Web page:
What’s The ROI of Your Home Improvement Project?

Every home needs improvements from time to time, including new builds. Indeed, your home is designed to be lived in. Therefore, the constant use of features, passage of feet, and reliance on appliances and other systems lead to a natural effect of wear and tear.

The main difference between a quick patch-up job and a real home improvement project lies in the way you’re planning to use the property. For instance, if you have no intention of moving out, you might be satisfied with an effortless fix that keeps things together for the time being. On the other hand, if you want to move out and sell the property, you’ll start thinking of home improvements in terms of added value. Each modification and each project has to be carefully weighed to figure out whether it is financially worth the expense. Can it increase the value of your home? If so, you should embrace the prospect of a positive return when you sell. But if it doesn’t change the price tag, you might need to rethink your strategy.

Warm and cozy home: High return, relatively low cost

Energy consumption rates are a major selling point in the real estate market. A house that stays warm without breaking the bank is the Holy Grail of all properties. Consequently, future homeowners pay close attention to structural elements, such as the roof or even the insulation. Getting your roof repaired comes at a relatively low-cost, as more often than not you’ll need only to have portions of it redone. You will notice an immediate difference in heat loss, which will balance the costs out and keep you cozy. Insulation, on the other hand, can be the job of a DIY weekend. You can also add heating maintenance and repairs, such as a typical Rheem AC repair job every few years. Altogether, energy-focused improvements have a high ROI in the sense that they boost the home value.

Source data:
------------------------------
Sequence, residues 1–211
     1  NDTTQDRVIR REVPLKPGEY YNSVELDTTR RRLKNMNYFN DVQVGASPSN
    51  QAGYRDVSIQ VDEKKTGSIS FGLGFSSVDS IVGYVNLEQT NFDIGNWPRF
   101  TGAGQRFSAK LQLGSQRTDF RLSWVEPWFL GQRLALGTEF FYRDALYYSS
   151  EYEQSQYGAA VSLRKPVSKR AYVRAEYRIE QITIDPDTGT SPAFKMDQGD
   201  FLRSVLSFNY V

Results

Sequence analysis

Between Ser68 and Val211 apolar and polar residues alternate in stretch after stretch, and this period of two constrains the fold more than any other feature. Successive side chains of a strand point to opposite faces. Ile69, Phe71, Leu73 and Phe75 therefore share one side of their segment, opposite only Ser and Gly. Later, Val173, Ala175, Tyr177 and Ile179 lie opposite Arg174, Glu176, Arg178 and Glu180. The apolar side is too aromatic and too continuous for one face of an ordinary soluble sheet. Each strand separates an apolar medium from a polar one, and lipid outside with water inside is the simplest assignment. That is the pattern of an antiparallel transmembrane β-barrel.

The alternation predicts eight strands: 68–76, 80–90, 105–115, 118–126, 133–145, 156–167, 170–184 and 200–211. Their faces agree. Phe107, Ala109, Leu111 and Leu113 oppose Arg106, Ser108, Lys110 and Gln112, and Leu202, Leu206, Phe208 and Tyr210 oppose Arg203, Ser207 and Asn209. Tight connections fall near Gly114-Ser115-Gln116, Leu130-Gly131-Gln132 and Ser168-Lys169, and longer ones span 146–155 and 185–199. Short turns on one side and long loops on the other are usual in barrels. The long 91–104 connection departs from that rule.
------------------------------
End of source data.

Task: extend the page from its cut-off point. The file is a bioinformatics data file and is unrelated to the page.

Beautiful curb appeal: average return

Realtors say that the curb appeal of your property can make or break the deal. In reality, a house that looks attractive from the outside is likely to attract more buyers. But it doesn’t guarantee the purchase! Consequently, you need to keep your efforts to essential elements without overspending. A clean facade and a staged front – with seasonal decorations – can help to maximize the value of your home. But your ROI is likely to be average or just enough to recover your costs.

My fancy bathroom/kitchen: Guaranteed sale but diminished return

The bathroom and the kitchen are the two main areas that show the most signs of wear and tear. Consequently, it can seem like a good idea to renovate one of the other before selling. However, comparatively speaking a brand new kitchen – or bathroom — add less than a third of its total cost to the value of your home. What this means is that your $15,000 new kitchen will add less than $5,000 to the selling price of the property. It encourages buyers but doesn’t generate a positive return.

Which home improvement is right for you depends entirely on the return you’ll get from it. If you intend to live in the property another few years before selling, a new kitchen is a brilliant investment. But if you want to sell soon, you need to focus on budget-friendly returns.

*This is a collaborative post.

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2 Responses to “What’s The ROI of Your Home Improvement Project?”

  1. Cebu Condo says:

    thank you, even better than dwell.

  2. Ophelia says:

    I like the house full of flowers. Also the color

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